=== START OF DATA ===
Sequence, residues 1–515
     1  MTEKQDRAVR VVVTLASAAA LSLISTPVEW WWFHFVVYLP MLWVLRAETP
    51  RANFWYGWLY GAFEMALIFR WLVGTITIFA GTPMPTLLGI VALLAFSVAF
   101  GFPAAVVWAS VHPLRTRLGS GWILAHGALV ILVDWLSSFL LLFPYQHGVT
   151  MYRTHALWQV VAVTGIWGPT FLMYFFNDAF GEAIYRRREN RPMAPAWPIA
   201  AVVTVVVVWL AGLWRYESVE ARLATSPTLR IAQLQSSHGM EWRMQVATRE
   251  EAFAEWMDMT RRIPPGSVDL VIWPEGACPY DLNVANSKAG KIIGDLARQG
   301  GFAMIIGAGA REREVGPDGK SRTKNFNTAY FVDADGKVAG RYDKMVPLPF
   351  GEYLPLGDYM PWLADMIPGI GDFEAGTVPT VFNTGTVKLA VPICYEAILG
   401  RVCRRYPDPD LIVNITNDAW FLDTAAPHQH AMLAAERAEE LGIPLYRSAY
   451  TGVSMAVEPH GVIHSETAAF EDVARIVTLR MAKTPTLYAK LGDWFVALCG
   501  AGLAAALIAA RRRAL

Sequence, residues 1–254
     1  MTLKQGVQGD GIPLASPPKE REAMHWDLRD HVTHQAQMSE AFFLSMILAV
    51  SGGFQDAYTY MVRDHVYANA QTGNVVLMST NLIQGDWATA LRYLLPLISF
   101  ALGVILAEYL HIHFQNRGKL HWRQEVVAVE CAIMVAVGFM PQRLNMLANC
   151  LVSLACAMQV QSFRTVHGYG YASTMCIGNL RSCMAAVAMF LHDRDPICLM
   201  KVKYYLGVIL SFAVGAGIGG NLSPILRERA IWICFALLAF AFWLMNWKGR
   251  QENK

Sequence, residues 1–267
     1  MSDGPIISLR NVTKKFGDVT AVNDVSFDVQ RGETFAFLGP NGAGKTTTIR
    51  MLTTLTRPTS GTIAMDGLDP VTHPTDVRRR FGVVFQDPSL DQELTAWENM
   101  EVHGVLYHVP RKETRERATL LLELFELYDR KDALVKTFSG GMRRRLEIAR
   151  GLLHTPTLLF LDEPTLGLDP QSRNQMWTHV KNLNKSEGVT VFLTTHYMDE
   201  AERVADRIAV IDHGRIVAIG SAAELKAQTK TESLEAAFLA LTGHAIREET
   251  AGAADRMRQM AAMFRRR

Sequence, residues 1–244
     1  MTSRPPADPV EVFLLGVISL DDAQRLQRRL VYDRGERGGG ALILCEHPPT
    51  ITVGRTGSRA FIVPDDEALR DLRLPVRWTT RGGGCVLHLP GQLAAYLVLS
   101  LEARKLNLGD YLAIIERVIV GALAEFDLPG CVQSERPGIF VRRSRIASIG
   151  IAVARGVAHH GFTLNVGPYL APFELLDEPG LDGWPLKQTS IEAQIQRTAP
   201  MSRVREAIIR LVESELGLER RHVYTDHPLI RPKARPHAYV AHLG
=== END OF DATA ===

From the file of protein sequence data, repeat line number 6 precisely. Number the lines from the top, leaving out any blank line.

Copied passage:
   201  AVVTVVVVWL AGLWRYESVE ARLATSPTLR IAQLQSSHGM EWRMQVATRE